BACKGROUND:
To date, a 10-year follow-up study on complementary and alternative medical treatment of lumbar intervertebral disc herniation (LDH) has never been conducted. Therefore, we aimed to perform a prospective 10-year follow-up study on the integrated treatment of LDH in Korea.

METHODS:
One hundred and fifty patients from the baseline study, who initially met the LDH diagnostic criteria with a chief complaint of radiating pain and received integrated treatment, were recruited for this follow-up study. The 10-year follow-up was conducted from February 2018 to March 2018 on pain, disability, satisfaction, quality of life, and changes in herniated disc, muscles, and fat through magnetic resonance imaging.

RESULTS:
Sixty-five patients were included in this follow-up study. Visual analogue scale score for lower back pain and radiating leg pain were maintained at a significantly lower level than the baseline level. Significant improvements in Oswestry disability index and quality of life were consistently present. MRI confirmed that disc herniation size was reduced over the 10-year follow-up. In total, 95.38% of the patients were either "satisfied" or "extremely satisfied" with the treatment outcomes and 89.23% of the patients claimed their condition "improved" or "highly improved" at the 10-year follow-up.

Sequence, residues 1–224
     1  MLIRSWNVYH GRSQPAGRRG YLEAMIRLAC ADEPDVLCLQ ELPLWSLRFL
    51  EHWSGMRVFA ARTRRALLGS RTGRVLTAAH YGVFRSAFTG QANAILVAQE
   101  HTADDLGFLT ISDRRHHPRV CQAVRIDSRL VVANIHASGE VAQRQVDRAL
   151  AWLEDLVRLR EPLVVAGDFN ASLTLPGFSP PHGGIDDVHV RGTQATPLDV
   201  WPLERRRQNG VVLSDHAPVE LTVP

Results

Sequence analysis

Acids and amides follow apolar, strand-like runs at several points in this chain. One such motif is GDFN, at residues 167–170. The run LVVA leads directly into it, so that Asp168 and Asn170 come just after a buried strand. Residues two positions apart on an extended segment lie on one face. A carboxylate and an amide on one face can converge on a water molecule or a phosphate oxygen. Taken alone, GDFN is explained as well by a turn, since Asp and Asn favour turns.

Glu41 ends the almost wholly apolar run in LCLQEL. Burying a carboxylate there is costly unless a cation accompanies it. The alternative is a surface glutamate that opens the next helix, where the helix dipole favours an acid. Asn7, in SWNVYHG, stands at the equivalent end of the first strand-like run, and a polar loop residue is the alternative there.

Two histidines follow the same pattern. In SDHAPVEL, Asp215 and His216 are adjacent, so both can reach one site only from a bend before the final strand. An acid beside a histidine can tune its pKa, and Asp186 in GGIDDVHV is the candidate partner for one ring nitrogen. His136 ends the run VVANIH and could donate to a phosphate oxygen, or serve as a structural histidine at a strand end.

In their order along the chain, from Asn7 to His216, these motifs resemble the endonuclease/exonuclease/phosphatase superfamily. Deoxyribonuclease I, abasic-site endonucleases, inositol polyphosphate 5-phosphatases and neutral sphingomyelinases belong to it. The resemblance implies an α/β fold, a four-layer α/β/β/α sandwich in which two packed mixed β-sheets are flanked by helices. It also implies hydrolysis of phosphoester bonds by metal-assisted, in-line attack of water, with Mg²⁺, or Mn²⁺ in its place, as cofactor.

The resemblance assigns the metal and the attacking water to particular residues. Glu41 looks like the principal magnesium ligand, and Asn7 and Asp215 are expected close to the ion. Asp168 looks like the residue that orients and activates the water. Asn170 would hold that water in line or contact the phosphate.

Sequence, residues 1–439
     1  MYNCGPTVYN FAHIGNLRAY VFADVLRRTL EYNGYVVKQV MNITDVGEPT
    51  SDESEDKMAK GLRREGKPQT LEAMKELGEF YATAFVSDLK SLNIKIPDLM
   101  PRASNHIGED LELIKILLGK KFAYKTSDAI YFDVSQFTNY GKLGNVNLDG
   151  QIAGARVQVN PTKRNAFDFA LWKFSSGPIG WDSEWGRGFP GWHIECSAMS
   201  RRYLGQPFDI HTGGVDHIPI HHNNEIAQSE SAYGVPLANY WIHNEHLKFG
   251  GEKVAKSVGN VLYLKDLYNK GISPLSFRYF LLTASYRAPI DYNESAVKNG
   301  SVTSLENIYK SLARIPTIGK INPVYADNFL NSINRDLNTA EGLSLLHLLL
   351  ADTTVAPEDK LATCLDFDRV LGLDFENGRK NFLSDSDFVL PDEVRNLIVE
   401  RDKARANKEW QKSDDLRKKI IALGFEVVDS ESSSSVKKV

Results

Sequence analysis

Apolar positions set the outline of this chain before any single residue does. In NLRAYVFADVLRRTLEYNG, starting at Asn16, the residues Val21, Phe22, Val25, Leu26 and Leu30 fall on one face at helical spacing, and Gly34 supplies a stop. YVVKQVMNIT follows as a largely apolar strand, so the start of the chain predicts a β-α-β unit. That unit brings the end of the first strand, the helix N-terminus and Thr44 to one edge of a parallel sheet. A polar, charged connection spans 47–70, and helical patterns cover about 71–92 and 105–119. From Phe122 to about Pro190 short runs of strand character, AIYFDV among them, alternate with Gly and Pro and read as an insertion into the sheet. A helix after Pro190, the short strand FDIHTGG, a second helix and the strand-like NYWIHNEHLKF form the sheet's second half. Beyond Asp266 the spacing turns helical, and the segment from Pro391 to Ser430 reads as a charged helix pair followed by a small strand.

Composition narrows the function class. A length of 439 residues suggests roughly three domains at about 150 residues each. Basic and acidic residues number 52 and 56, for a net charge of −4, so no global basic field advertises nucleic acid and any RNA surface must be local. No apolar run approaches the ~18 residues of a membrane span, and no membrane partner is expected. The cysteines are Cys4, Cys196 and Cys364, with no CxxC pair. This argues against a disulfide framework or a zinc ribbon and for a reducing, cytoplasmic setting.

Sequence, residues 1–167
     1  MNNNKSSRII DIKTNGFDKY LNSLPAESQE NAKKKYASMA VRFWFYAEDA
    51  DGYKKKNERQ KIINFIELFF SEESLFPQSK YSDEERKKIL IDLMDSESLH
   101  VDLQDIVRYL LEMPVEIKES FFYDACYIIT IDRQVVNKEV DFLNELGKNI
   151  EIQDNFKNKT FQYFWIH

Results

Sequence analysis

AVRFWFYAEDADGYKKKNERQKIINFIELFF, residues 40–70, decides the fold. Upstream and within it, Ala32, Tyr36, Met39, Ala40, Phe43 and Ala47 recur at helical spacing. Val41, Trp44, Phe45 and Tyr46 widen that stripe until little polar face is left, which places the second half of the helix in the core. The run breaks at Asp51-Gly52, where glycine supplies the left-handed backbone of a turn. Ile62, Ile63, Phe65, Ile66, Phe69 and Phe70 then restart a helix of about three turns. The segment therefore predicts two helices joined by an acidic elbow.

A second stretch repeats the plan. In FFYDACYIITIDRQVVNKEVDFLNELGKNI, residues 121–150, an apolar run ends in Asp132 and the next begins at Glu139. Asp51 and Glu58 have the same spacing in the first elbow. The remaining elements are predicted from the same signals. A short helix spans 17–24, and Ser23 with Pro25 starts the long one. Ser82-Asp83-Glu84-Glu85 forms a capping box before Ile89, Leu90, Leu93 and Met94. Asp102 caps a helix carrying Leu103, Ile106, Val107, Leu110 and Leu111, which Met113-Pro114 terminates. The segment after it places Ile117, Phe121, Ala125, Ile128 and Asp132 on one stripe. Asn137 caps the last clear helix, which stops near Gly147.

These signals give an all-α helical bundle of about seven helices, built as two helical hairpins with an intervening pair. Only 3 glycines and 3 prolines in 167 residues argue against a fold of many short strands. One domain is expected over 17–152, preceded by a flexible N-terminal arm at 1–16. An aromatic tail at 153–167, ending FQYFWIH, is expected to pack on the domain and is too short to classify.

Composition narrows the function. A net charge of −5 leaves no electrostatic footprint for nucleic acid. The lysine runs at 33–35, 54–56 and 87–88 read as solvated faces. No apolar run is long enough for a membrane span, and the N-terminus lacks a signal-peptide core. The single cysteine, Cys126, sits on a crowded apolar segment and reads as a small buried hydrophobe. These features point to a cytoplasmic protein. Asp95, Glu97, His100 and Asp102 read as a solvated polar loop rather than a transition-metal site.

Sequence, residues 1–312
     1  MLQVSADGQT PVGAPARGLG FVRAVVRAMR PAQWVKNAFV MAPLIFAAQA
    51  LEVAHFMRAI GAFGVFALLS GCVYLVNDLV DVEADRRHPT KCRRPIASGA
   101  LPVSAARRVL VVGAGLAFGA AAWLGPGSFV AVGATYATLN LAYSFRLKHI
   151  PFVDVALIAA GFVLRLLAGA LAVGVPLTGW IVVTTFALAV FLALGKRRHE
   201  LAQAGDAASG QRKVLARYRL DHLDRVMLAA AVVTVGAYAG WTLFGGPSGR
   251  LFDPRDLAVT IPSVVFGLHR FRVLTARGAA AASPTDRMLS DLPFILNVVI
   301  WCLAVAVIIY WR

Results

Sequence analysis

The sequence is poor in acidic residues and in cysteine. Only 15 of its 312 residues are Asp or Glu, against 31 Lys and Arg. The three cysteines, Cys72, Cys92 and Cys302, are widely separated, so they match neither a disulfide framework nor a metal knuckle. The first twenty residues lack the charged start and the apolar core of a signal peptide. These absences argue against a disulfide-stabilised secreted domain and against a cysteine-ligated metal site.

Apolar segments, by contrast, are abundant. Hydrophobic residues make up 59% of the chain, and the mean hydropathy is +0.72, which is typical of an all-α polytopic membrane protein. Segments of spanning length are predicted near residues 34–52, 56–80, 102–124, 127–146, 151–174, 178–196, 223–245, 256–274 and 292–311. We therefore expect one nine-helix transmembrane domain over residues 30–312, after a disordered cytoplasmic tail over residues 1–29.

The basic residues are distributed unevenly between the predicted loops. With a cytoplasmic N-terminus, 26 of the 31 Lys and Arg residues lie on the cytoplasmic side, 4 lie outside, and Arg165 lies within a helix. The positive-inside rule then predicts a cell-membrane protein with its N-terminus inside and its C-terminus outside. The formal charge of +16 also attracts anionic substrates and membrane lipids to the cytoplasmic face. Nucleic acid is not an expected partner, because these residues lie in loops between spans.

CONCLUSIONS:
The reduced pain and improved disability was maintained over 10 years in patients with LDH who were treated with nonsurgical Korean medical treatment 10 years ago. Nonsurgical traditional Korean medical treatment for LDH produced beneficial long-term effects, but future large-scale randomized controlled trials for LDH are needed.

STUDY REGISTRATION:
ClinicalTrials.gov, NCT03426215.





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